What happens when some of our greatest innovators - scientists, technology pioneers - find themselves unemployed?
In the case of many Cold-War-era physicists, the answer was: go find a job on Wall Street.
What have mathematicians, computer scientists, and physicists brought to the stock market? Well, the billionaire investor Warren Buffett once warned us of "geeks bearing formulas", but Jim Weatherall isn't so sure that we should be afraid of the new wave of techies in finance.
Since cyberactivist Aaron Swartz took his own life on January 11, the Internet itself seems to be in a state of networked grief.
On Tuesday, mourners gathered for Swartz's funeral outside of Chicago, where the 26-year-old programming prodigy was remembered as an idealist who was one of the most brilliant contributors to technology in the last 25 years.
You may have heard of the term Big Data - perhaps even heard that it’s changing our lives. But, how exactly?
Take the H1N1 flu in 2009. Scientists and doctors knew that it was sweeping the world, but what they didn’t know in real time was this: what continents and countries had it reached? Where were the new hot spots?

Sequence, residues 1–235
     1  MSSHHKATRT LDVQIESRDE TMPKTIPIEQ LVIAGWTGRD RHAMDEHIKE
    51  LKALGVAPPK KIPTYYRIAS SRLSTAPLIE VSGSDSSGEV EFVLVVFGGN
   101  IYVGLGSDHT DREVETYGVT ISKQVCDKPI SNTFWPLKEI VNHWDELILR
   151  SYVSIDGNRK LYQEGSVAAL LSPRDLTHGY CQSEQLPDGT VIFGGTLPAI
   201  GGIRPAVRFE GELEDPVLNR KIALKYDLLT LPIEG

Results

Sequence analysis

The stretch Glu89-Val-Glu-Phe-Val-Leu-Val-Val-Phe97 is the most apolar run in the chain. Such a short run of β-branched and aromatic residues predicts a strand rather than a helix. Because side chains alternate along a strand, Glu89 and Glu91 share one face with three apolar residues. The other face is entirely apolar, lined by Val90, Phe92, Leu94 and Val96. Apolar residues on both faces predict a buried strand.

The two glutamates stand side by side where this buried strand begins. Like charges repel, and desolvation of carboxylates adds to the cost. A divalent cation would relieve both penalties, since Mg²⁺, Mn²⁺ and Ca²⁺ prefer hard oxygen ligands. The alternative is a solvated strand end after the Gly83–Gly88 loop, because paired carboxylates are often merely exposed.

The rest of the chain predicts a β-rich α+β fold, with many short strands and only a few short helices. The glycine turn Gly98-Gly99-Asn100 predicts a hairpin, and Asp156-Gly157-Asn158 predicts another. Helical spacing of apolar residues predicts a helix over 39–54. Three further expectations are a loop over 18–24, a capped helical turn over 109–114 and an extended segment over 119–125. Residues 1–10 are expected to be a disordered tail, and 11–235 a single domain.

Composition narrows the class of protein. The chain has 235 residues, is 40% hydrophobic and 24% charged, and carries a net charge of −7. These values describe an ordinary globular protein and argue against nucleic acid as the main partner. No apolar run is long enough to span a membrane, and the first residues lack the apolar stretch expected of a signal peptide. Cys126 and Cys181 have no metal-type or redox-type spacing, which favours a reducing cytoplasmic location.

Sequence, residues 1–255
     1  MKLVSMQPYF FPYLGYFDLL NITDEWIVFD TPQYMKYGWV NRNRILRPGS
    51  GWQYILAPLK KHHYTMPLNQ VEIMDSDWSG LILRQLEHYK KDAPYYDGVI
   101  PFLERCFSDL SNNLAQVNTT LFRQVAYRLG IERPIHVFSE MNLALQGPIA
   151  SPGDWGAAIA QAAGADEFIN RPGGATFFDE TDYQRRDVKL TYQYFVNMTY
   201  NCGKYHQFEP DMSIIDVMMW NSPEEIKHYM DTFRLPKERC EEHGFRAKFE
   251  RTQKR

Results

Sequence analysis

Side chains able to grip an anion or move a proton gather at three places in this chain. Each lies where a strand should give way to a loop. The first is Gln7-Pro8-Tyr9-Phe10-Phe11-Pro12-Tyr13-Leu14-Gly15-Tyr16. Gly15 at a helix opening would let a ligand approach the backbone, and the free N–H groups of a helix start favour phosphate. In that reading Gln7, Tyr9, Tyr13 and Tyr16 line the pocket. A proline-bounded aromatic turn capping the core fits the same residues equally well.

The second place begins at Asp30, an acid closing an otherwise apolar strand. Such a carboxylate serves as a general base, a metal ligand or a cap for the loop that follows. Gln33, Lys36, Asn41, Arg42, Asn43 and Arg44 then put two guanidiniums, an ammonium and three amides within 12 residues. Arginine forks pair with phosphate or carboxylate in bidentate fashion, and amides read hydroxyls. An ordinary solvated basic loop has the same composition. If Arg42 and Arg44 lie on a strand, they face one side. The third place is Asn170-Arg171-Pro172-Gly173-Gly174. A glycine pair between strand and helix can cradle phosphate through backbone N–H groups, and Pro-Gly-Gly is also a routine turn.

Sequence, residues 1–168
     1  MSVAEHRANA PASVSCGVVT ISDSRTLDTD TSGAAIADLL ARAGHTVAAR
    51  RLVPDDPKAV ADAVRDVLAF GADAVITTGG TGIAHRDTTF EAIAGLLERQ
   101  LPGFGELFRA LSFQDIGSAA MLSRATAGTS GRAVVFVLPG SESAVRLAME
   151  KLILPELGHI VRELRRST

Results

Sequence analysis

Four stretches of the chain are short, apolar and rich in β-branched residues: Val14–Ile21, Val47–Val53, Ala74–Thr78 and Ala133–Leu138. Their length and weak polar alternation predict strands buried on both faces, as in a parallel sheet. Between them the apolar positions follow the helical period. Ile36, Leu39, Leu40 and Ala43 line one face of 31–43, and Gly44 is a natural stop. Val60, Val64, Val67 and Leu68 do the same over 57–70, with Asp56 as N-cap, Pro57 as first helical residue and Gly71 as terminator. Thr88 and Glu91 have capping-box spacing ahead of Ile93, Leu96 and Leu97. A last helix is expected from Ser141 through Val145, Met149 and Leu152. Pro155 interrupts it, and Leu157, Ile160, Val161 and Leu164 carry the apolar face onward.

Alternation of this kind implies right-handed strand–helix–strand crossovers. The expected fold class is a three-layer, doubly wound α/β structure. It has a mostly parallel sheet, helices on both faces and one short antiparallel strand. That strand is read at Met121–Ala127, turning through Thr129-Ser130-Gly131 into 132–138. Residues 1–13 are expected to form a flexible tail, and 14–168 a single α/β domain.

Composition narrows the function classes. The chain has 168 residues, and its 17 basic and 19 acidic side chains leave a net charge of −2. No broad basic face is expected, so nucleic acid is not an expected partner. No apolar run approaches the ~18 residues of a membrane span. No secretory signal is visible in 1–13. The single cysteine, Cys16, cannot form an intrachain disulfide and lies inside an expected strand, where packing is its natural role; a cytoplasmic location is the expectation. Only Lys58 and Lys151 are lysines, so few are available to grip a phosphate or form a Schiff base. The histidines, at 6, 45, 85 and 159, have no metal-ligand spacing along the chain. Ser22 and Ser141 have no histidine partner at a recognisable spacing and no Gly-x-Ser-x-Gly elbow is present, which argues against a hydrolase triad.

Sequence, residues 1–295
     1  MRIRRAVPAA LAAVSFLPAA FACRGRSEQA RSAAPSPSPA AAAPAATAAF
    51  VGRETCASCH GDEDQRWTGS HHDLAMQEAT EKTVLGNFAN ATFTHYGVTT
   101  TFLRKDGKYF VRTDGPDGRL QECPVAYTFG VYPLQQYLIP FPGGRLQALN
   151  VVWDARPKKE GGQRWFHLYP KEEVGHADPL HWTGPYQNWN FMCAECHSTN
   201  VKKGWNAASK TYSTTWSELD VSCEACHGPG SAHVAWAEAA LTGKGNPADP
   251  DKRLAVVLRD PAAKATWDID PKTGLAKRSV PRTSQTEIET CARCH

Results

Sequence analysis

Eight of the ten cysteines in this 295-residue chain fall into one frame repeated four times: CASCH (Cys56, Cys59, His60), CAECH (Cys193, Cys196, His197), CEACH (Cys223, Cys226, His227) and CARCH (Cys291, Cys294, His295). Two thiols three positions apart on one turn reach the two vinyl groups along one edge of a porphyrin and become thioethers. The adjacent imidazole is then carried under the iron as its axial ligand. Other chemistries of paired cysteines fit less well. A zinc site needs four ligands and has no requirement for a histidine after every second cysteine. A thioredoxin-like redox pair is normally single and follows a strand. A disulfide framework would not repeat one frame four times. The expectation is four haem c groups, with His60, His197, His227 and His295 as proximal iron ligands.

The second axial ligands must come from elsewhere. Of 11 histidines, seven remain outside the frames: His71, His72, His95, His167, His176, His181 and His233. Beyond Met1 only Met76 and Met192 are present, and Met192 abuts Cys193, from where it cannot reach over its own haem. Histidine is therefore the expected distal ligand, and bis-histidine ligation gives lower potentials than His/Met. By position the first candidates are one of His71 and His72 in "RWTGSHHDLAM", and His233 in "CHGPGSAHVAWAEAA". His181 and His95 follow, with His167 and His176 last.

Check out our in-depth interview with two of CBS' featured authors, Andrew McAfee and Erik Brynjolfsson. McAfee and Brynjolfsson, who penned "Race Against the Machine," argue that an increasing reliance on robots allows companies to increase profits without increasing their workforce, fueling America's - and the world's - growing inequality.
In a fascinating discussion last year, the two talked to Kara about the amazing strides robots have made, and why even white-collar workers should worry about their jobs.
Robert Langer is a bit of a legend at MIT. He has more than eight hundred patents granted or pending, and has had a hand in creating twenty-five companies — and hundreds more benefit from his lab work.
When a journalist from Nature followed Langer for a day, she found herself exhausted by his pace and seemingly endless creative energy.